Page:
Our brains include bundles of cells called mirror neurons, and these fire when we perform an action AND when we observe an action. So if we’re watching a movie and our favorite character gets rejected in love or physically assaulted, we experience their emotional and physical pain.
Needles to say, this has interesting applications for marketing. By showing someone performing an action, you can influence the emotional state of your audience and make it more likely that they’ll mirror that action in the future. Naturally, that action has to be desirable in some way, but it’s still a powerful tool for tapping into an interesting part of our psychological hard-wiring.
How to apply this tactic:
There are a host of ways you can create associations to influence behavior. Video content is perhaps one of the most effective, and this promotional video by Expedia and Tourism Australia brilliantly achieves this by placing the viewer at the heart of the action.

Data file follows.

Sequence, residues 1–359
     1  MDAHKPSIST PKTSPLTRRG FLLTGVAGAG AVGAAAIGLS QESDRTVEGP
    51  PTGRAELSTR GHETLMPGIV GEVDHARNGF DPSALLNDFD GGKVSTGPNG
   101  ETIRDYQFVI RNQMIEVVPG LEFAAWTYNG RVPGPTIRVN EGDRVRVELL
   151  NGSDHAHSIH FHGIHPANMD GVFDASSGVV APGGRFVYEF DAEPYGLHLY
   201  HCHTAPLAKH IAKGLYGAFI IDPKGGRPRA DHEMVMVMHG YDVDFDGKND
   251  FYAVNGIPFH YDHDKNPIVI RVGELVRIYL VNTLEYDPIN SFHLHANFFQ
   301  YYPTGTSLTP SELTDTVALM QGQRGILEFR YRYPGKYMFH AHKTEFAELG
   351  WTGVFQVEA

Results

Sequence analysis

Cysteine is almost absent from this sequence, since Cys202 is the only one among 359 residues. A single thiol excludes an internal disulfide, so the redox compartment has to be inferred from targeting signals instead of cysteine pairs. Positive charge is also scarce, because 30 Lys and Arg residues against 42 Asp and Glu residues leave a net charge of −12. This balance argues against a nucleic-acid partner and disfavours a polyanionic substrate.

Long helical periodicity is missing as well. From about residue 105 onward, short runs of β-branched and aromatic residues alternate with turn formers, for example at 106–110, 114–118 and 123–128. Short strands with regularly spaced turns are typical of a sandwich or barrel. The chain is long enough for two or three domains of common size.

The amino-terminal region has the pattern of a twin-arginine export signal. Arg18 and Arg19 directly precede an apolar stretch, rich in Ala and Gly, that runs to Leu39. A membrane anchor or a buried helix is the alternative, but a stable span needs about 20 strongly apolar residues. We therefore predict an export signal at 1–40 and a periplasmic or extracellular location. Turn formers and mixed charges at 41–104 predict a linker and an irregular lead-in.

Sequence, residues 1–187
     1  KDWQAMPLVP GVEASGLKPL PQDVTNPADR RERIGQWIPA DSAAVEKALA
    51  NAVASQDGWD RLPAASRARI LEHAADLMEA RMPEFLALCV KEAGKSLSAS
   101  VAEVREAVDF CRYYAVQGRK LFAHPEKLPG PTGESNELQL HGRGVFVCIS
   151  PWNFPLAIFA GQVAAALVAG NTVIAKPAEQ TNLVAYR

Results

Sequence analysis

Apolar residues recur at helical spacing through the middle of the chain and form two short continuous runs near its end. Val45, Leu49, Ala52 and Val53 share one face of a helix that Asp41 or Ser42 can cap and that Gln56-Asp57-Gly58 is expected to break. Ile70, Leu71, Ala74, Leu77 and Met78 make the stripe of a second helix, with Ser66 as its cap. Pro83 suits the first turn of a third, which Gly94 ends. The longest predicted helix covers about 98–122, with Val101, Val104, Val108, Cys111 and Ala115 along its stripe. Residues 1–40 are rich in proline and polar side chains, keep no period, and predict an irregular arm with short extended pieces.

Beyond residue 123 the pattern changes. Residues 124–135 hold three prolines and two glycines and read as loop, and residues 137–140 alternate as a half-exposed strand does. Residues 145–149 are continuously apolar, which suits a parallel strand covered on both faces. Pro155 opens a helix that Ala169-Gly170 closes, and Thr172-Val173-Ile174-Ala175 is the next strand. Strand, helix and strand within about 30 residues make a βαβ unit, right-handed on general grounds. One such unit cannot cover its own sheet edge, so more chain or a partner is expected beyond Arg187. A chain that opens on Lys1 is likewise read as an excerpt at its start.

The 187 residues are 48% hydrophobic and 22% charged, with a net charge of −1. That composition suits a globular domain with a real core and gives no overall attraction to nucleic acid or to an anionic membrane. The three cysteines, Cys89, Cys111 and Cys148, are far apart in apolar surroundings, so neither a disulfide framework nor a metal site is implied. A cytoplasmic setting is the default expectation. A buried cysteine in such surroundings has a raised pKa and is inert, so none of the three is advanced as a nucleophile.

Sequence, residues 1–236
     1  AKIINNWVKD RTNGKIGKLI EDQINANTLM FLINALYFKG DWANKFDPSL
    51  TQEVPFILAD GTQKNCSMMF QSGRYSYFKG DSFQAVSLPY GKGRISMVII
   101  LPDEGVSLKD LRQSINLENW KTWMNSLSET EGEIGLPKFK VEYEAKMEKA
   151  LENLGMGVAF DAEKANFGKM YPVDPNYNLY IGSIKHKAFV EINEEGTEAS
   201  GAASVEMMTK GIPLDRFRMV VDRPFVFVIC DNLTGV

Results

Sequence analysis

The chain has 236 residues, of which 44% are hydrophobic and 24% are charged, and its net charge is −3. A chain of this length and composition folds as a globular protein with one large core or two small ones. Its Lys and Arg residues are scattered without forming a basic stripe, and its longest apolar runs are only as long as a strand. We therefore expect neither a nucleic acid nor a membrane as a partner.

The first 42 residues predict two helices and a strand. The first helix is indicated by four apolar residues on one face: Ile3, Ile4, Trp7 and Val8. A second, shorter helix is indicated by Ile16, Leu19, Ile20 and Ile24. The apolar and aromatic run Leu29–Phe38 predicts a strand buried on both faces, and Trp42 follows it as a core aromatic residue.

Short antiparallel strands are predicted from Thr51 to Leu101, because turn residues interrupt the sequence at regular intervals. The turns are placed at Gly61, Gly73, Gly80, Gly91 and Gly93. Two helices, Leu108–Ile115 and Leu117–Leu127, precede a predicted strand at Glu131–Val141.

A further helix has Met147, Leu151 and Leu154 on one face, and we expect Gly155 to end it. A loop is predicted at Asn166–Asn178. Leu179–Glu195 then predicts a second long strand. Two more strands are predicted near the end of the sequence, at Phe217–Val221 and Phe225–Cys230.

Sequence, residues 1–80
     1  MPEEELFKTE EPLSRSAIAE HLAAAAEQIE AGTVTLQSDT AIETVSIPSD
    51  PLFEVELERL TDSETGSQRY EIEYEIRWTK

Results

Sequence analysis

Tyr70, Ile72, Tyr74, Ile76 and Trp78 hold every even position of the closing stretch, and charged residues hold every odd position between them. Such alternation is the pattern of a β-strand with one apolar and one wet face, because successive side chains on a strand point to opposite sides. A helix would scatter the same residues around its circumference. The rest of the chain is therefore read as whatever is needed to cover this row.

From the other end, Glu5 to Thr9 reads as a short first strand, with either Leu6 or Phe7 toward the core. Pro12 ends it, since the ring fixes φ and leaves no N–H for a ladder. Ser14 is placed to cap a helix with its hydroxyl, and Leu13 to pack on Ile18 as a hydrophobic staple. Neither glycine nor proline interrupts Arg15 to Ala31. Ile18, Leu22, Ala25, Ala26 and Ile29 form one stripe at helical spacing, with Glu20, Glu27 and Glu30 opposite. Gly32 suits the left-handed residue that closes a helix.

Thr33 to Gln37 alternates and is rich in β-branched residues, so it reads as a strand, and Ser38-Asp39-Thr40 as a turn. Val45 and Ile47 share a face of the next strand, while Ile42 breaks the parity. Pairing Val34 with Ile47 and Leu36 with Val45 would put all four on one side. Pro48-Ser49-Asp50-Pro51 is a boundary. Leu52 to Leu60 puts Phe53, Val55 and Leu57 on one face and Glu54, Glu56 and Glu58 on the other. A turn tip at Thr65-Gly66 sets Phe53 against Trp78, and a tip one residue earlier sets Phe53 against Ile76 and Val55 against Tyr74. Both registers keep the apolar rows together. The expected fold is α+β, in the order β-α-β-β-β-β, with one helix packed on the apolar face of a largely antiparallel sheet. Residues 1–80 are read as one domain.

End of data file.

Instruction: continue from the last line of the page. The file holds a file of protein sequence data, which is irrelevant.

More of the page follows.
Aside from being visually beautiful, the video is cleverly shot so you see things through the eyes of each traveler. As they explore each wild and dramatic landscape, so do we.
You can also create associations by featuring images of happy guests at your property. Seeing like-minded travelers relaxing by your pool or sipping sundowners from your rooftop bar allows potential customers to imagine enjoying those experiences themselves, tempting them to experience them for real.
You can also create associations through guest testimonials on your website. A vivid account of an unforgettable trip or experience from a past guest can let others feel that same excitement.
Use psychology in your marketing
Marketers have been using psychology for decades to influence customer decision-making. By implementing some of the ideas above, your hotel can win over the hearts and minds of your guests and nudge them one step closer to a booking.